Models for the test-retest situation are proposed, in which an interval between a test and a retest changes over subjects. In the model of a single observed variable we assume that the true score of the variable changes as a Markovian process. We show that stability and reliability of a test can not be estimated separately in the ordinary test-retest model which assumes equal stability for subjects, but that they can be estimated separately with our model. In the model of a latent variable (factor) we assume various stabilities for the latent variable and the non-zero covariances of specific factors in a test and a retest. These models are applied to actual data, and stabilities and reliabilities of tests are estimated quantitatively.
The purpose here is to investigate how the process of relating ‘meanings’ to scripts is influenced by the developmental changes of concepts about these activities, with an example of ‘dining’. Based on previous studies that the concept of ‘dining’ develops from physiological function orientation to social function orientation, second, fourth, and sixth graders, and college students were asked to plan ‘dining’ with a physiological goal or a social one. The results are as follows. (1) Generated plans became more connected with goals developmentally in both social and physiological context. (2) Second graders who attached much importance to physiological function of ‘dining’ were apt to generate plans with physiological meanings even in social goal context.
A cognitive task concerning intra-familial kinship terms was imposed on 125 junior high school students (male 57, felale 68). Forty-six questions were read successively and subjects were required to answer each item. These questions consisted of two types; one required the subjects to identify various familial relationship (e.g. “my uncle ”) from everyday description (e.g. “my parent's brother”), and the other presented relationship through legal degree of relationships (e.g. “my parent's parent's male child, other than my parent”), some questions of both types containing redundant information concerning gender. The main results were as follows. (1) Correct percentages on lineal relatives regardless of question type were very high. (2) High correlation between related gender-differentiated kinship terms was observed. (3) While questions employing ordinary expressions yielded higher correct percentages than those expressed in legal terms, redundant information reduced correct percentages when combined with ordinary expression.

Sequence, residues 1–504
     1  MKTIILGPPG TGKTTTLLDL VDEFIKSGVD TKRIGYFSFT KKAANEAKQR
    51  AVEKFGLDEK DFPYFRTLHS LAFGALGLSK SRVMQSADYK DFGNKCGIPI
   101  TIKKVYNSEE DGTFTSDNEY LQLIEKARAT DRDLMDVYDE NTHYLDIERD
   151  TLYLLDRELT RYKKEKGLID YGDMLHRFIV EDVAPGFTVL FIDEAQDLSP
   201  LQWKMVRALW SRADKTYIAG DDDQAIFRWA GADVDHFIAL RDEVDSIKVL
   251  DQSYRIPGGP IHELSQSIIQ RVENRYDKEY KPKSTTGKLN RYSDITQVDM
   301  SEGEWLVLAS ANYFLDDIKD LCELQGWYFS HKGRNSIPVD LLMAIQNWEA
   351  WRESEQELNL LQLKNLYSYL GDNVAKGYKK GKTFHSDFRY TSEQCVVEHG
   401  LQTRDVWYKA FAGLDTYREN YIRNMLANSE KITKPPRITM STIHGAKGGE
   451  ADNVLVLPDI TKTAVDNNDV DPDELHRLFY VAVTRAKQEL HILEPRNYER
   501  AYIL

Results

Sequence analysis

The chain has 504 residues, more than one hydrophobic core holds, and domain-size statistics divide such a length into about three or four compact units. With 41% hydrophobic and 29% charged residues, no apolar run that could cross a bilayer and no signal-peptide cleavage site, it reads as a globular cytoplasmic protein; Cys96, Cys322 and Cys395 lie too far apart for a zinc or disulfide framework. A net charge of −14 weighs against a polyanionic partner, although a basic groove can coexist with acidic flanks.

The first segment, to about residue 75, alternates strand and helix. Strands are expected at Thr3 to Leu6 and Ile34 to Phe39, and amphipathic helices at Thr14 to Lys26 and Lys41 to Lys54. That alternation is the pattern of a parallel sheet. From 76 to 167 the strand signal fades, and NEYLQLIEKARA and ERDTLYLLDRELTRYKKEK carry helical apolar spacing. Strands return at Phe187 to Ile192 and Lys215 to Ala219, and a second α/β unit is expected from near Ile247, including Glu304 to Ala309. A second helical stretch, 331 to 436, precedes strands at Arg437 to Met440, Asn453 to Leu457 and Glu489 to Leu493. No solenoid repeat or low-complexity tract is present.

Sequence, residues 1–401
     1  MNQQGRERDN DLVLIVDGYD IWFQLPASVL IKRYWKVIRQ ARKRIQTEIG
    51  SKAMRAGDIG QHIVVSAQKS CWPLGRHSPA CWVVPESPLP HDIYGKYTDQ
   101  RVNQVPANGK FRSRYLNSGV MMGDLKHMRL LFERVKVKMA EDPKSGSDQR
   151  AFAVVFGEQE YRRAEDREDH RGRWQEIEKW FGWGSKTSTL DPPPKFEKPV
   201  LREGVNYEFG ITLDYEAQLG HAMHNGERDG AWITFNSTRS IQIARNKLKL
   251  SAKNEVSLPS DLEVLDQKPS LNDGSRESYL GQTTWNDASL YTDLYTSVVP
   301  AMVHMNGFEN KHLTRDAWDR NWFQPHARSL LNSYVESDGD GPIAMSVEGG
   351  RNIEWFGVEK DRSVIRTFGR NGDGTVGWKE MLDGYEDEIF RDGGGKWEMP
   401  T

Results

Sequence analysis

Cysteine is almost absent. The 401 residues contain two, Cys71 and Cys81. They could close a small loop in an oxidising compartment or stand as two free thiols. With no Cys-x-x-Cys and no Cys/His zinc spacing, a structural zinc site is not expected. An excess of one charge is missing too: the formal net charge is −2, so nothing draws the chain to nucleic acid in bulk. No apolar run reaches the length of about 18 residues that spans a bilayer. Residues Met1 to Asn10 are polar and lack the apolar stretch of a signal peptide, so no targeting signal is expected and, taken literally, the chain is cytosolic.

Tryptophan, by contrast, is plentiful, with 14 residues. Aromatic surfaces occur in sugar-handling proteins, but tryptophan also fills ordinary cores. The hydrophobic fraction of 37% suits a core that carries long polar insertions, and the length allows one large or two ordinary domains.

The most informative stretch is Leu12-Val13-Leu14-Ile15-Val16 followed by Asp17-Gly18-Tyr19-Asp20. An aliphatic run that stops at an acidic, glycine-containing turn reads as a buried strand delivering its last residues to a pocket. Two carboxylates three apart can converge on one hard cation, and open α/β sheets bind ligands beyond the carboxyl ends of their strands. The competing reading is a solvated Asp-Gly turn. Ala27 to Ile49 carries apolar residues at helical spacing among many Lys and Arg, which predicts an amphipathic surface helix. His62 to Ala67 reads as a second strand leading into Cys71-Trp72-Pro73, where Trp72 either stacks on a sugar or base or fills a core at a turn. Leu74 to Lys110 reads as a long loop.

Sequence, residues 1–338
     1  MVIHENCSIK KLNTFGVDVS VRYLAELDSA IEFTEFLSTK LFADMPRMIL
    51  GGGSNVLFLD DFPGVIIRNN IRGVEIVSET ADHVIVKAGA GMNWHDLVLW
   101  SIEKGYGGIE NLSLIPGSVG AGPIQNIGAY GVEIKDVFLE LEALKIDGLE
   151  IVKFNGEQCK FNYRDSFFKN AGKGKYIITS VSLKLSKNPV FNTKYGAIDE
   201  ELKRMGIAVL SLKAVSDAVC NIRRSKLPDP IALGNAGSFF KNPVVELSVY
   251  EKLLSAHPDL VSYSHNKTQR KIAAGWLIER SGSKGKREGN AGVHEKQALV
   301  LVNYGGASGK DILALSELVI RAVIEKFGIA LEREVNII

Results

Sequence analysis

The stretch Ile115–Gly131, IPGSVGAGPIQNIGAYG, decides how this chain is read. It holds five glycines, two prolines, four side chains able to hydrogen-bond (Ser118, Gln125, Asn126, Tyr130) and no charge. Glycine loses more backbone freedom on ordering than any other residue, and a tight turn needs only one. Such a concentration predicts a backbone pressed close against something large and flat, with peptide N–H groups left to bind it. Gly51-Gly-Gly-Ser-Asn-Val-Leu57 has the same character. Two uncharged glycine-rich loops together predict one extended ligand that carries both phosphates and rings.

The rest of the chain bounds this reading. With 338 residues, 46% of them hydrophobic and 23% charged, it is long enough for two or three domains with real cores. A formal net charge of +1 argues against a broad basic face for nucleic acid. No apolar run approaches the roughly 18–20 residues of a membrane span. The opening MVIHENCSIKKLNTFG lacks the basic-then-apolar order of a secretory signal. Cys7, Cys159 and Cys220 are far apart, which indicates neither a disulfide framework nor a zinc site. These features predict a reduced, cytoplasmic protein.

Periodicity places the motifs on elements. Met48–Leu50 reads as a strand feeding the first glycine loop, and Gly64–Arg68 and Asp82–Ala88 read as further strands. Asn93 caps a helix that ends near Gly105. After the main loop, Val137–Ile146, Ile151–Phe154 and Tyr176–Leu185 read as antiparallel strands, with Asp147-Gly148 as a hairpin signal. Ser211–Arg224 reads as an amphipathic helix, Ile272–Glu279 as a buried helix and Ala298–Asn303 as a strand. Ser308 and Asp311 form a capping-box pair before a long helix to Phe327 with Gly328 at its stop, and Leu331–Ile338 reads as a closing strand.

The present study investigated the effect of the type of conversation on the recognition memory of statements appeared in the conversation. The experiment used two types of conversation; goal-oriented conversation and desultory conversation. The examined items were as follows: (1) the recognition memory of the surface form of statements which appeared in both types of conversation, (2) the effect of whether the sex of speaker was the same as the subject's or not, (3) the effect of whether the subject joined the conversation or just listened to conversation. Subjects (40 male and female undergraduates) were randomly assigned either to the listening condition in which they read the scenario of a conversation silently while listening to the tape recorded version of the same conversation, or to the utterance condition in which they played the part given in the scenario as if they were conversing with a partner whose utterance was given by the tape. The following results were obtained. Recognition memory of both surface form and content of statements was high in the goal-oriented, listening, same-sex condition, in the goal-oriented, utterance, other-sex condition, and in the desultory, listening, other-sex condition; it was low in desultory, utterance, other-sex condition. These results suggested that the recognition memory of conversation was dependent on various factors such as the type of conversation, the identity of the speaker (self or non-self), and the part played in the conversation (joining or listening).
One of the unsettled issues in visual search research is whether the search for a conjunction of motion and the other physical feature (e.g. color or shape) is serial or parallel. In the present experiment, the subjects (six undergraduate students) were instructed to search for a target defined by color, shape, motion, or combinations of the two out of these three features, and the reaction time was measured. The slopes of the regression (number of items in the display vs. reaction time) are the largest for a target defined by a conjunction of color and shape, the smallest for a target defined by one feature, and intermediate for a moving conjunctive target. These results are consistent with those of McLeod and colleagues (1988, 1991) which suggest that a specific visual subsystem operates as a movement filter.